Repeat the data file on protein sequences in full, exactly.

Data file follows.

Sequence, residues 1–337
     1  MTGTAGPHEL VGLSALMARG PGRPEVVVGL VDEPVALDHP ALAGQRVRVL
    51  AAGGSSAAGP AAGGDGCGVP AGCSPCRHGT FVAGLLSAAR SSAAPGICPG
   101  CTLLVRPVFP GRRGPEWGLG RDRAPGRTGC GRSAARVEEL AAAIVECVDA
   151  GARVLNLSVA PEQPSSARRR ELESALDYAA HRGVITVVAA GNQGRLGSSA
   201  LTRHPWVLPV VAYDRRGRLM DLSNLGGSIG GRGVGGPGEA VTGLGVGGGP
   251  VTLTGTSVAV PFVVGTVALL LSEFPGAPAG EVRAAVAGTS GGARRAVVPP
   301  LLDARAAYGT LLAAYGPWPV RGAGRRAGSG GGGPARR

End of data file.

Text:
Sequence, residues 1–337
     1  MTGTAGPHEL VGLSALMARG PGRPEVVVGL VDEPVALDHP ALAGQRVRVL
    51  AAGGSSAAGP AAGGDGCGVP AGCSPCRHGT FVAGLLSAAR SSAAPGICPG
   101  CTLLVRPVFP GRRGPEWGLG RDRAPGRTGC GRSAARVEEL AAAIVECVDA
   151  GARVLNLSVA PEQPSSARRR ELESALDYAA HRGVITVVAA GNQGRLGSSA
   201  LTRHPWVLPV VAYDRRGRLM DLSNLGGSIG GRGVGGPGEA VTGLGVGGGP
   251  VTLTGTSVAV PFVVGTVALL LSEFPGAPAG EVRAAVAGTS GGARRAVVPP
   301  LLDARAAYGT LLAAYGPWPV RGAGRRAGSG GGGPARR